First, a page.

Well, I don't think the AFI poll is really indicative of viewer tastes in the U.S. The problem was that they asked far too many people--and far too many who probably don't know a whole lot about the American cinema--to be a part of the poll. Critics, academics, and other cineastes were, of course, include, but so were Hollywood types and some average Joes (at least when it comes to film knowledge). I assume that the results would have been quite different, and hopefully not quite as embarrassing, had those asked for their opinion been restricted to people in the first group. Quite simply, the problem with the poll was that it was far too democratic. Too many people were asked to place votes concerning the entire history of the American cinema, and I don't doubt that a lot of them think the history of American cinema began with Citizen Kane (or Gone with the Wind). I suppose this has something to do with the widespread American distrust of experts and pointy-headed intellectuals of all sorts. Perhaps that not such a bad thing in some ways, but there's no denying that it can give rise to some serious dumbing-down, as the case of the AFI poll distressingly reveals. What I found most distressing about this poll is that here was a chance to introduce the public to a lot of films (e.g. the entire silent era, Keaton's films, Fuller's films, Welle's films other than Kane, Ray's films other than Rebel, etc.) they'd probably be unlikely to hear about otherwise, and instead it ended up as an extremely boring and conservative list of most of the same old American films that everyone talks about anyway and that can be found at any old local video store.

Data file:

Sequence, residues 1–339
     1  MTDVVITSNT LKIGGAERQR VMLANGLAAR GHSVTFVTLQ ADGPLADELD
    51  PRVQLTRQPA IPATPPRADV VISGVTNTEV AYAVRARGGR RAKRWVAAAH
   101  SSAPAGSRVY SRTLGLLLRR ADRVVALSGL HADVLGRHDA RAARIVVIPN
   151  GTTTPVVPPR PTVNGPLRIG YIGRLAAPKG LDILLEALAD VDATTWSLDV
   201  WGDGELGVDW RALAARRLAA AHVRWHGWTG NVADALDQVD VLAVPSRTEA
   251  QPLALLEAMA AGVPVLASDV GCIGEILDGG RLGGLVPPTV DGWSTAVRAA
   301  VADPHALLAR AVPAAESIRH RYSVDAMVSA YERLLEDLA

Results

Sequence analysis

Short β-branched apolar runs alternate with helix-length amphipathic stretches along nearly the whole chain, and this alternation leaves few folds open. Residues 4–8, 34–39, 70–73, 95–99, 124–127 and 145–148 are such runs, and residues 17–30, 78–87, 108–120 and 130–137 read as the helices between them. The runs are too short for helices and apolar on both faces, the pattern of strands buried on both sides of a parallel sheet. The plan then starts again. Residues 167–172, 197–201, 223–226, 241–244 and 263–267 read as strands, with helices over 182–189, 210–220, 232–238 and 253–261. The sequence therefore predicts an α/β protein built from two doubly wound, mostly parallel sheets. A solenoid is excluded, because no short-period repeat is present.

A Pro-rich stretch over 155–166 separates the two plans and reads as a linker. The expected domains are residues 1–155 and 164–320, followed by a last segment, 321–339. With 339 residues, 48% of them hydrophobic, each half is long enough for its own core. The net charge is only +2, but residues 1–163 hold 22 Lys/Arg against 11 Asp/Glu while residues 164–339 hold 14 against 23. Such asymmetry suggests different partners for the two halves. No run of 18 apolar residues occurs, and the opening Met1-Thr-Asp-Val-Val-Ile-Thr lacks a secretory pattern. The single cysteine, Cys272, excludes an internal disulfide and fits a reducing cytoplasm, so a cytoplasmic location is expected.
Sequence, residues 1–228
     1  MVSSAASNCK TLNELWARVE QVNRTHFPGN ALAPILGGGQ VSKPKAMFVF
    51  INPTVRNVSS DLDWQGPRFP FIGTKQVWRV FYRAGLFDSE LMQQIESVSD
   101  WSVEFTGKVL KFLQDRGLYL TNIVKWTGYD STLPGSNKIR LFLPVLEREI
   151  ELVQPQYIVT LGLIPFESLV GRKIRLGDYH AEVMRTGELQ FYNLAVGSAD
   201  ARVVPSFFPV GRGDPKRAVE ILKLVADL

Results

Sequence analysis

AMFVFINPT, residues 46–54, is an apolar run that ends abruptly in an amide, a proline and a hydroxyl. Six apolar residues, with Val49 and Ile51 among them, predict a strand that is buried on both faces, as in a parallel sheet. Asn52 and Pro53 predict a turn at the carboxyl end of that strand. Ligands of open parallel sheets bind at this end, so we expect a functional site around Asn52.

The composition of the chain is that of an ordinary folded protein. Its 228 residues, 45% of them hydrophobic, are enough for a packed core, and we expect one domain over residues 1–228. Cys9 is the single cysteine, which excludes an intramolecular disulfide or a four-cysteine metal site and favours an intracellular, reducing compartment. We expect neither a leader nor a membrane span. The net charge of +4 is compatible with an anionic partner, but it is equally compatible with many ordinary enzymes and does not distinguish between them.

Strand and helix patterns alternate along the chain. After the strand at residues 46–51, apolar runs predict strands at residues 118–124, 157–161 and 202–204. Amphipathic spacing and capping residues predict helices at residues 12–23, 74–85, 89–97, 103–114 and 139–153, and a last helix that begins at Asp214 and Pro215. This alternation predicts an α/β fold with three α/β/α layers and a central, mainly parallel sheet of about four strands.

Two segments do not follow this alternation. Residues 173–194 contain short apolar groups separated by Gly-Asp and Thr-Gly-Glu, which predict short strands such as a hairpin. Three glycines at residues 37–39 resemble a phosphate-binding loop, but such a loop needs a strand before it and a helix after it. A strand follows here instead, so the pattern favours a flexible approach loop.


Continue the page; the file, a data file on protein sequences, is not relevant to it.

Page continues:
I can't really fault the votes for not voting for Sunrise, however, as it's nearly impossible to see. I was only able to see it through my university film society, and even then it was in a battered and bruised 16mm print. I think it was once released on video (by Fox, I think, and so probably in a fairly decent print) here in the states, but that's now been out-of-print for years and is nearly impossible to find (and is quite costly when you can find it). I think it's been released here and there by other, small distributors, but those copies, which I assume come from inferior source materials, are almost as hard to find and nearly as expensive when you do find them. This, and the widespread ignorance about foreign films--only about five people showed up to the university film society's screening of Sunrise--makes the failure to include Sunrise rather understandable.
Still, I gather that Sunrise is soon being released on DVD here, and especially when coupled with its ranking in the recent S&S poll, this can only help to get it more exposure here in the U.S. So who knows, maybe it'll show up on the next AFI list. (And I'm sure there will be another one of those in the not-so-distant future, since the first got so much press.)